Improving estimates of savanna burning emissions for greenhouse accounting in northern Australia: limitations, challenges, applications
Russell-Smith, J. ; Murphy, B.P. ; Meyer, C.P. ; Cook, G.D. ; Maier, S. ; Edwards, A.C. ; Schatz, J. ; Brocklehurst, P.
Although biomass burning of savannas is recognised as a major global source of greenhouse gas emissions, quantification remains problematic with resulting regional emissions estimates often differing markedly. Here we undertake a critical assessment of Australia's National Greenhouse Gas Inventory (NGGI) savanna burning emissions methodology. We describe the methodology developed for, and results and associated uncertainties derived from, a landscape-scale emissions abatement project in fire-prone western Arnhem Land, northern Australia. The methodology incorporates (i) detailed fire history and vegetation structure and fuels type mapping derived from satellite imagery; (ii) field-based assessments of fuel load accumulation, burning efficiencies (patchiness, combustion efficiency, ash retention) and N:C composition; and (iii) application of standard, regionally derived emission factors. Importantly, this refined methodology differs from the NGGI by incorporation of fire seasonality and severity components, and substantial improvements in baseline data. We consider how the application of a fire management program aimed at shifting the seasonality of burning (from one currently dominated by extensive late dry season wildfires to one where strategic fire management is undertaken earlier in the year) can provide significant project-based emissions abatement. The approach has wider application to fire-prone savanna systems dominated by anthropogenic sources of ignition. © IAWF 2009. Reproduced from the International Journal of Wildland Fire (Jeremy Russell-Smith, et al, 2009) with the kind permission of CSIRO Publishing on behalf of the International Association of Wildland Fire.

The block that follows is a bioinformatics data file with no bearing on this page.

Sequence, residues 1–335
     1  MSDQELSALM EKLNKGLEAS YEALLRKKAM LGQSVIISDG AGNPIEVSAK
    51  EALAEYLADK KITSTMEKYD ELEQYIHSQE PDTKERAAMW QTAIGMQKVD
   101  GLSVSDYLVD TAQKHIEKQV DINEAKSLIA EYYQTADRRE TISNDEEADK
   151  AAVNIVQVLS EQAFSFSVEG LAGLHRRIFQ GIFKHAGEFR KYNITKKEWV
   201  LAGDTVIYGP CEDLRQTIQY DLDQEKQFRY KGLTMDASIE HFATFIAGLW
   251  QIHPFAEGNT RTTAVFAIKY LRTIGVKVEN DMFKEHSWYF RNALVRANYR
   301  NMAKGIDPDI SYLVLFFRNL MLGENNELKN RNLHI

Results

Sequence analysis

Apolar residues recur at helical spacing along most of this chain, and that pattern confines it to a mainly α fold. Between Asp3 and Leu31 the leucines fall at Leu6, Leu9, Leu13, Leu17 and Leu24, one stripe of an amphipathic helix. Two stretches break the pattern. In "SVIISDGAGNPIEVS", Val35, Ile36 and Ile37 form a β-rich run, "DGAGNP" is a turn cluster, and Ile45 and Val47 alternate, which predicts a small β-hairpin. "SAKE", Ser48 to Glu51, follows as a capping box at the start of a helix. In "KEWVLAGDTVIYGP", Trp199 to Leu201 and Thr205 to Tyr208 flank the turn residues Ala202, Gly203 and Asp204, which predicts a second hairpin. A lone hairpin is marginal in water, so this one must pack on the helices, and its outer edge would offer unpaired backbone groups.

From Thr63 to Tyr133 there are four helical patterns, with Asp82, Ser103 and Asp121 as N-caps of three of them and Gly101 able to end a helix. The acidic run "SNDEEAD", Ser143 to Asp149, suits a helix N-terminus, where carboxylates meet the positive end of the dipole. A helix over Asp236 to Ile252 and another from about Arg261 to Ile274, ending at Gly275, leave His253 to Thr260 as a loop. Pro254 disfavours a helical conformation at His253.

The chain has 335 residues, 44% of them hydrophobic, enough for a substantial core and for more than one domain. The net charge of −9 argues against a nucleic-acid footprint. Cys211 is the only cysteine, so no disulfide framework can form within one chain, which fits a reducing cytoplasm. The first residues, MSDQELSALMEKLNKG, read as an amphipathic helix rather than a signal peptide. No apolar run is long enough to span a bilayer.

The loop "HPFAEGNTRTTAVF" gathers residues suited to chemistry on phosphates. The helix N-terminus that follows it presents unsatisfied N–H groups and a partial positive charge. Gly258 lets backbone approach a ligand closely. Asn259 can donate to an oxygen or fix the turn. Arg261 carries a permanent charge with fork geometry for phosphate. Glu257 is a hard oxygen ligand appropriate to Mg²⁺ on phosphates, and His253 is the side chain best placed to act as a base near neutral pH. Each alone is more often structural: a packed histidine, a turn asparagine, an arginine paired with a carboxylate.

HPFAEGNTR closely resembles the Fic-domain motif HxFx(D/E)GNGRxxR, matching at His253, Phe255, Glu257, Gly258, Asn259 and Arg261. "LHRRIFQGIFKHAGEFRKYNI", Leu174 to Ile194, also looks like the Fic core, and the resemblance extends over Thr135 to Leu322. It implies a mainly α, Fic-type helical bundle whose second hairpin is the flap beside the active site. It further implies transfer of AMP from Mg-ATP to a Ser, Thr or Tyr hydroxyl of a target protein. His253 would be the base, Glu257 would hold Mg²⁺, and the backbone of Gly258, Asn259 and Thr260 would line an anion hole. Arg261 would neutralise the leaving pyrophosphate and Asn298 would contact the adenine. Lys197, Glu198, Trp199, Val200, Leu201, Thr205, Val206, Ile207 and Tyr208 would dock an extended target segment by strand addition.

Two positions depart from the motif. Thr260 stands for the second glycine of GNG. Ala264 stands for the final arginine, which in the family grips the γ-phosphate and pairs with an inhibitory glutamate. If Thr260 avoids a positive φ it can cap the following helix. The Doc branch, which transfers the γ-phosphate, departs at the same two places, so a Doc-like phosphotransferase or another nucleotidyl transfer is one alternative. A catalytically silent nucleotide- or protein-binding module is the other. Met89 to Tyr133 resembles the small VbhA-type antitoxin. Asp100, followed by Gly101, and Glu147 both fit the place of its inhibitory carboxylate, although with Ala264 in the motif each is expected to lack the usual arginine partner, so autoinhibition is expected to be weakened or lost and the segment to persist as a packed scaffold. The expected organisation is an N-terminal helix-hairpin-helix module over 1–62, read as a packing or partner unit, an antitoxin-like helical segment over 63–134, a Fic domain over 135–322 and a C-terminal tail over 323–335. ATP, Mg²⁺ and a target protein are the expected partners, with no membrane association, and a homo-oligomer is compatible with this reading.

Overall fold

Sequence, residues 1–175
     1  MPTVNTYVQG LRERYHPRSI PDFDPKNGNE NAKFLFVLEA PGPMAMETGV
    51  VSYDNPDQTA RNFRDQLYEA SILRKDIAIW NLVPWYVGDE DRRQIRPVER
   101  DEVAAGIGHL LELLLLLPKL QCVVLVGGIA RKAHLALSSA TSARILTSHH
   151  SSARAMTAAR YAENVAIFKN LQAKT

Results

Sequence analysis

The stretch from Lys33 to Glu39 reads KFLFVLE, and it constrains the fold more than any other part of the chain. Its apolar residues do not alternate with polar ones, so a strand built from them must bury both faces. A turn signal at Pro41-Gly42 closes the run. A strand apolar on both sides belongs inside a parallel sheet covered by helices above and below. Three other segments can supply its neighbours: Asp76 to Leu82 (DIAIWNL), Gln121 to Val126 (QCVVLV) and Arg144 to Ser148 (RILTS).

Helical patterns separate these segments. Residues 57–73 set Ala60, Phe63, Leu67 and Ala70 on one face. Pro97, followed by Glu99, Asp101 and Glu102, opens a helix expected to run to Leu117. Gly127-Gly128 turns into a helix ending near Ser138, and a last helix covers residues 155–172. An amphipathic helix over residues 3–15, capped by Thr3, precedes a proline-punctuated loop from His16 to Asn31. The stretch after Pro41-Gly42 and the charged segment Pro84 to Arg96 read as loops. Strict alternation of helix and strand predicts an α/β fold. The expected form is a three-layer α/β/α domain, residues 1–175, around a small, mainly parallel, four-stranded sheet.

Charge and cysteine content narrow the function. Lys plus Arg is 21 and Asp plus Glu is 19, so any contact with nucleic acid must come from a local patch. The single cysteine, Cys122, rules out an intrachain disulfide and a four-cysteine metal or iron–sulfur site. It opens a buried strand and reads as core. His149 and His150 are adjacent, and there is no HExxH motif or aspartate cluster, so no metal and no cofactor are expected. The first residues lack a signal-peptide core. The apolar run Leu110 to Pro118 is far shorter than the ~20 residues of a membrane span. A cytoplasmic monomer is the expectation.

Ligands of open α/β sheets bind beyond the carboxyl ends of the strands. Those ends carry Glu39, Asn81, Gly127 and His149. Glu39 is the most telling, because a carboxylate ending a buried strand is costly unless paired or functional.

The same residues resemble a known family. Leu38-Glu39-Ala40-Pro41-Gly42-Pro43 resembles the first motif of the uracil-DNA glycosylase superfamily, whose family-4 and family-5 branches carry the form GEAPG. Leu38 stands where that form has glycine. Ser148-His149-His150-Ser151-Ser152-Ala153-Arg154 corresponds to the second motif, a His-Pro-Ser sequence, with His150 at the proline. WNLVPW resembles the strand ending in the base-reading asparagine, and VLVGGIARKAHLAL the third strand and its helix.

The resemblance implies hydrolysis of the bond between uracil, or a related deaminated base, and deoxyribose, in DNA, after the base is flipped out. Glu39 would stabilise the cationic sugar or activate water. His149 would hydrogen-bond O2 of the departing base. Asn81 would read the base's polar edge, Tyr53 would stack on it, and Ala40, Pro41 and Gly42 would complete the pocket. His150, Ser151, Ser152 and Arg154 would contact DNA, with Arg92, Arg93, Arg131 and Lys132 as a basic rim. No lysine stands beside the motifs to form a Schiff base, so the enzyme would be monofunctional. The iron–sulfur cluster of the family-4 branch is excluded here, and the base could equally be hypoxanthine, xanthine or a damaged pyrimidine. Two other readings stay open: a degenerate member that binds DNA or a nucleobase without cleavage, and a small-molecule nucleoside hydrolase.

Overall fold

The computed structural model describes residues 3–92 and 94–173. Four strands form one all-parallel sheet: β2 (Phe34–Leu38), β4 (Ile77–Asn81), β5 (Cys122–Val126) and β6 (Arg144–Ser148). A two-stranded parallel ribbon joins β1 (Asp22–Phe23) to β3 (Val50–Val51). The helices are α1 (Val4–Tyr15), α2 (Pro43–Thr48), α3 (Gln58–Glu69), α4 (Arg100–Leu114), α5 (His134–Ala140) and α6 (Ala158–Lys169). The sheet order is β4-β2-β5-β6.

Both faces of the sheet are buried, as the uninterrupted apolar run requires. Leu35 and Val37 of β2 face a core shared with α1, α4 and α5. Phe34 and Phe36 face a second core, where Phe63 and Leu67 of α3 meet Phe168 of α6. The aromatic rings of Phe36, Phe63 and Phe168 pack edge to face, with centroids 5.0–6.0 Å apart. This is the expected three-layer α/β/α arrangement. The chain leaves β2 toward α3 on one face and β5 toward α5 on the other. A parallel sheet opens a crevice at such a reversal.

Russell-Smith, J., B. P. Murphy, C. P. Meyer, G. D. Cook, S. Maier, A. C. Edwards, J. Schatz, and P. Brocklehurst. 2009. Improving estimates of savanna burning emissions for greenhouse accounting in northern Australia: limitations, challenges, applications. International Journal of Wildland Fire, v. 18, no. 1, p. 1-18. 10.1071/.
abstract okay; air quality; ash; Australia; biomass; biomass burning; carbon; combustion; Eucalyptus; fine fuels; fire histories; fire intensity; fire management; fire regimes; fuel accumulation; fuel loading; fuel management; fuel types; fuels; climate change; grasses; heavy fuels; histories; human caused fires; ignition; mapping; mosaic; nitrogen; Northern Territory; post fire recovery; remote sensing; sampling; savannas; sclerophyll forests; season of fire; shrubs; statistical analysis; vegetation surveys; wildfires
Climate; Communications; Emissions and Smoke; Fire Behavior; Fire History; Fuels; Intelligence; Mapping; Monitoring and Inventory
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